Nobody reading this is ready for the surprising emotional heft of Chudnyy’s Russian language spoken word verse at the end of Marjorie W.C Sinclair’s “Croatian Islands.” Like much of Sinclair’s work, this song snuck up on me and might be my favorite track I heard on YouTube this week. “There’s more to life than the finer things, Croatia Islands got me thinking about all kinds of things,” he says. It’s unclear if Sinclair has ever been to Hvar or Brač or any other Croatian Island, but it’s safe to say that collaborator Chudnyy most likely has.
Chudnyy is based in Berlin and has likely taken the short trek to Croatia many times as a traveling musician in Europe. I’d never heard of her before this collab, but a quick dive into her catalog is an excellent way to spend a Sunday afternoon. The beat, handled by T-Kewl, is as breezy and hypnotic as Split, Croatia is in the evening time.
Fans weren’t pleased when Earl Sweatshirt and The Alchemist shared their long-awaited collab album, Voir Dire, exclusively to digital marketplace Gala as an NFT at the end of last month. It seemed like a confounding move at first until I remembered Earl’s history of experimental releases and the various nontraditional ways he’s uploaded his music in the past. Either way, I haven’t listened to the tape and probably won’t until it’s released the good old fashioned way: on a Thursday at midnight, on Spotify, I mean Tidal, or whatever.
Luckily for fans such as myself, it appears the official release will feature two new songs with Vince Staples. The first of which, “Caliphate,” has Vince and Earl trading bars in verses that feel as if they’re happening in slow motion. The video, shot in grainy black and white, shows the two old friends dancing around in a greenhouse. Earl’s dense musings always sound best next to Vince’s wry dispatches from life in Los Angeles county jails and or the streets of Long Beach.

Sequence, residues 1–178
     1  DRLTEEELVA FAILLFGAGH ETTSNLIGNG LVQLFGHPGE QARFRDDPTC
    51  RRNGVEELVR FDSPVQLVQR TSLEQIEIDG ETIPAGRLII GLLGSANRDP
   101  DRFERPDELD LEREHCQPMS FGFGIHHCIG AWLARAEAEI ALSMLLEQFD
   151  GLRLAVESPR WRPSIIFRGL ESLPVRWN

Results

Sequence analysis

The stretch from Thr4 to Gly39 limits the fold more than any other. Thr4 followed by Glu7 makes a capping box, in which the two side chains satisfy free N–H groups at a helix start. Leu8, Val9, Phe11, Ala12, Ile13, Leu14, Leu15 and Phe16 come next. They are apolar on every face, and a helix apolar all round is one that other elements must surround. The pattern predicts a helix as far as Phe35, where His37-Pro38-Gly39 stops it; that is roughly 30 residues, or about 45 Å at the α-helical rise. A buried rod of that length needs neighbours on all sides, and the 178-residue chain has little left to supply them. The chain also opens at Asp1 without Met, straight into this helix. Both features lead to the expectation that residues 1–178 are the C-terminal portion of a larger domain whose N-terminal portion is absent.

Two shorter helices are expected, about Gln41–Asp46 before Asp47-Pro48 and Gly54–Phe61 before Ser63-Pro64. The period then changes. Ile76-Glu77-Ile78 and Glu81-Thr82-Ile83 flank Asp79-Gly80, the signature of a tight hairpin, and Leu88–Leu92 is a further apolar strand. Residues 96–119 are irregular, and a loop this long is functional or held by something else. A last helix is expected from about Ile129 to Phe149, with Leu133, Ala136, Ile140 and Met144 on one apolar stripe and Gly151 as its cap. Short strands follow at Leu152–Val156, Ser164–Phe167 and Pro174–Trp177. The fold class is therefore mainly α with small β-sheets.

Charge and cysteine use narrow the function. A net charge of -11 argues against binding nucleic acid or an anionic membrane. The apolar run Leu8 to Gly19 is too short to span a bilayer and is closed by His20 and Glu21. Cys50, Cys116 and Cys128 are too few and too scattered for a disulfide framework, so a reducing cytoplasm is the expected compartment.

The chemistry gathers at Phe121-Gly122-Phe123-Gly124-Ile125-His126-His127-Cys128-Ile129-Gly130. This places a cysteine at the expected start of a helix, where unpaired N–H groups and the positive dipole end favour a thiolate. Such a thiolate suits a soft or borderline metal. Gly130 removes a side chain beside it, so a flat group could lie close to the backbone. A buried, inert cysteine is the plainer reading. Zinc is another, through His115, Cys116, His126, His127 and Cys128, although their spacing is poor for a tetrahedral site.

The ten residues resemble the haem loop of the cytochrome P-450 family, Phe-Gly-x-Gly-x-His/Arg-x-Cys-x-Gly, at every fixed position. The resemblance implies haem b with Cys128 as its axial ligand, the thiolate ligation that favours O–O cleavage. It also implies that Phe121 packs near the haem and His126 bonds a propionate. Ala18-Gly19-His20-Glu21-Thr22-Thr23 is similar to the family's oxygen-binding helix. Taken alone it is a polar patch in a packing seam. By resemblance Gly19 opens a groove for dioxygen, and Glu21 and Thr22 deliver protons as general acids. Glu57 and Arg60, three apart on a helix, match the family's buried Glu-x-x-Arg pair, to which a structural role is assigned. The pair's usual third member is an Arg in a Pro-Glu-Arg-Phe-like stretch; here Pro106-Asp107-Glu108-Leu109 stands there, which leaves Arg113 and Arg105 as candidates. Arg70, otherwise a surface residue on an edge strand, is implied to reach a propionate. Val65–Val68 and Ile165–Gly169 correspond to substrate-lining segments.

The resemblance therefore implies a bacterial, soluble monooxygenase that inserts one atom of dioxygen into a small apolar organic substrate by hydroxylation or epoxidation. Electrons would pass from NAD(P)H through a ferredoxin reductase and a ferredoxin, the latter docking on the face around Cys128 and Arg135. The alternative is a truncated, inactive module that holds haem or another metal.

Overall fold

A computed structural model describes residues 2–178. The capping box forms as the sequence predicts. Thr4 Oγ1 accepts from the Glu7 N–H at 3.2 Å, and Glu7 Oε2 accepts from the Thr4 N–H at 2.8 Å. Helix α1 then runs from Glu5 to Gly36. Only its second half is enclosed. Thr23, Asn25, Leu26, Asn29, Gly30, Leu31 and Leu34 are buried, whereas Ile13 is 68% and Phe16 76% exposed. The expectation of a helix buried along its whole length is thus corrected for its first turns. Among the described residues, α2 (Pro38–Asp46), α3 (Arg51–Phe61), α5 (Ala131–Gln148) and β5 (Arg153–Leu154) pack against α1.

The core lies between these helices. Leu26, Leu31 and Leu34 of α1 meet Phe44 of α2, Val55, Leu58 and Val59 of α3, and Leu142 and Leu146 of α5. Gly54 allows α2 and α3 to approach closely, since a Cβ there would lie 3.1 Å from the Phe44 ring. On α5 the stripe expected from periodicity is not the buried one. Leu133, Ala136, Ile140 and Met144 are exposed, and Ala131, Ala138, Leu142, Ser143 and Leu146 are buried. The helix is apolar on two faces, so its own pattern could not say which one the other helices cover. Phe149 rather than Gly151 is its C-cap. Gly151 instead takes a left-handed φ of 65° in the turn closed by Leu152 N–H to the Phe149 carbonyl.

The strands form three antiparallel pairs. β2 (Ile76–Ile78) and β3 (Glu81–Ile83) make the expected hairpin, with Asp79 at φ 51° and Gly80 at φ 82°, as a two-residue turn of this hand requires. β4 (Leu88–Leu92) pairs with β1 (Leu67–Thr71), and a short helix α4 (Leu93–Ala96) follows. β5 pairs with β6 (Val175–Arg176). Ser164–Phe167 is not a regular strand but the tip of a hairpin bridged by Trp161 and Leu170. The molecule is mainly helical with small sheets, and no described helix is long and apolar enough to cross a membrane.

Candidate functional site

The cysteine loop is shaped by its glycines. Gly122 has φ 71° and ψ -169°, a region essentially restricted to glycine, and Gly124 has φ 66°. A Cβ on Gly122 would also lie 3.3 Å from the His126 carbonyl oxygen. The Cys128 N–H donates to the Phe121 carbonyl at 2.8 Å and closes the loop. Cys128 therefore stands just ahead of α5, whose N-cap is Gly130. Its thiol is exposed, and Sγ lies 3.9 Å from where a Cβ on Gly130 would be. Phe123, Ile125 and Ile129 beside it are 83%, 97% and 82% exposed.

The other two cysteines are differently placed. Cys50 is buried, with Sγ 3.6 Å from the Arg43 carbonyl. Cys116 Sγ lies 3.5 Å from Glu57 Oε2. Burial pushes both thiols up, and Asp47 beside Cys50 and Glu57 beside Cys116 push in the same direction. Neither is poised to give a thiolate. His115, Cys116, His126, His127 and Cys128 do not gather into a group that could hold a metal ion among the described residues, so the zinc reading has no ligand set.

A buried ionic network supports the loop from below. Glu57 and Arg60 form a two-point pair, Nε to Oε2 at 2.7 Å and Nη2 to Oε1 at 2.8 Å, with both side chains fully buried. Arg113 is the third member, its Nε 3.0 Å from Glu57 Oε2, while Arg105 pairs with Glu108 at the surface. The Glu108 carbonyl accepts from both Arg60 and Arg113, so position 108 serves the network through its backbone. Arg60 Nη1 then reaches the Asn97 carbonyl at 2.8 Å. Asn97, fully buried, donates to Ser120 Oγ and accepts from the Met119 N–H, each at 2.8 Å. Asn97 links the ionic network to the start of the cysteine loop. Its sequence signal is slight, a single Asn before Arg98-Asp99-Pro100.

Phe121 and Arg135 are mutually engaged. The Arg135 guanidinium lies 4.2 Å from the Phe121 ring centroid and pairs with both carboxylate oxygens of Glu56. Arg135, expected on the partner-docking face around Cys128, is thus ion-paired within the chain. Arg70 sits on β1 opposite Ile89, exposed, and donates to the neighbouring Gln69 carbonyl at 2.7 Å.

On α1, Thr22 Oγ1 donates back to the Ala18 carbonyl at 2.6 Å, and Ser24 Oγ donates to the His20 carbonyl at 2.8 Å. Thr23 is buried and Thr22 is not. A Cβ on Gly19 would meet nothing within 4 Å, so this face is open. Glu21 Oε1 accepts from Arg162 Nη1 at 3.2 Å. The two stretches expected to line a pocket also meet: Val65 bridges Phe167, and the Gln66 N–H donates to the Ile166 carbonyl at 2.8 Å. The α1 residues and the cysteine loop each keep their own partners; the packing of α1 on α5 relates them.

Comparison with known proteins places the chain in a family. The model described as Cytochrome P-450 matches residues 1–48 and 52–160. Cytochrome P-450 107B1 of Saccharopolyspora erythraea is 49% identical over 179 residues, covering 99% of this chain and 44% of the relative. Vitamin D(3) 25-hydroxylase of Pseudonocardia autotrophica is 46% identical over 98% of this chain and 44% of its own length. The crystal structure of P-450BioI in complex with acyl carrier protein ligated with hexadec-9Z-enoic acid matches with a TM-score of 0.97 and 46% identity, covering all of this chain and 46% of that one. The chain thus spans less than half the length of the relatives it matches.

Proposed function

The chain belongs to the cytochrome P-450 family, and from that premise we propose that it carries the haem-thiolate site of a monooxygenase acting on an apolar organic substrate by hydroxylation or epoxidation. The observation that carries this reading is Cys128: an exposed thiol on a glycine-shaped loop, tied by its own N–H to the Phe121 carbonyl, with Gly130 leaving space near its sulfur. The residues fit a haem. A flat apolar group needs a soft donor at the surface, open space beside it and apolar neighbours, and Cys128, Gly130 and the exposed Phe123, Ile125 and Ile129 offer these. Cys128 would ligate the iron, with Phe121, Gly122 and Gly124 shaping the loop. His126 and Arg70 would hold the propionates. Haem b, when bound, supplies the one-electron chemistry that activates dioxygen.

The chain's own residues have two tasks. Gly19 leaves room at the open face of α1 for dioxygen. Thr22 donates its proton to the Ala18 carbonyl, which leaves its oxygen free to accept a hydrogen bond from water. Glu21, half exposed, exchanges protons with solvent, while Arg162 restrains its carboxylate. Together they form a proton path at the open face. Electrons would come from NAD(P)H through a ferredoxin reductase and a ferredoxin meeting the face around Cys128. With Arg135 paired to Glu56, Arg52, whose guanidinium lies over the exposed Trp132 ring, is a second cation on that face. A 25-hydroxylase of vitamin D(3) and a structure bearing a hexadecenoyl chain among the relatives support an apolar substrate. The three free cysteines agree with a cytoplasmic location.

It’s been four years since Teejayx6 and Kasher Quon introduced scam rap into the wider lexicon. I don’t believe I’m alone when I say we’ve all heard enough. It’s genuinely surprising that someone like Punchmade Dev has any fans at all. The Detroit rapper seems to have made a name for himself by aping the aforementioned scam rap luminaries, as if everyone forgot 2020 happened at all.
Having said that, there’s something inherently catchy about Money Man’s latest ode to scamming, “Lil Nigeria,” which opens on a local news clip covering the recent hacking of MGM Resorts International. According to Bloomberg, the hack likely came from the “Scattered Spider’ network of hackers based in the United States and the United Kingdom, and not a Nigerian group. This is an undoubtedly offensive mistake to the many law abiding Nigerians hoping to distance themselves from the xenophobic stereotype that all Nigerians are scam artists, although it’s not surprising that this isn’t something Money Man is particularly concerned about. His double-time flow and quick delivery make the song a standout in the scam rap category, complete with a colorful video showing Money Man teaching a man completely covered in tattoos how to use a computer.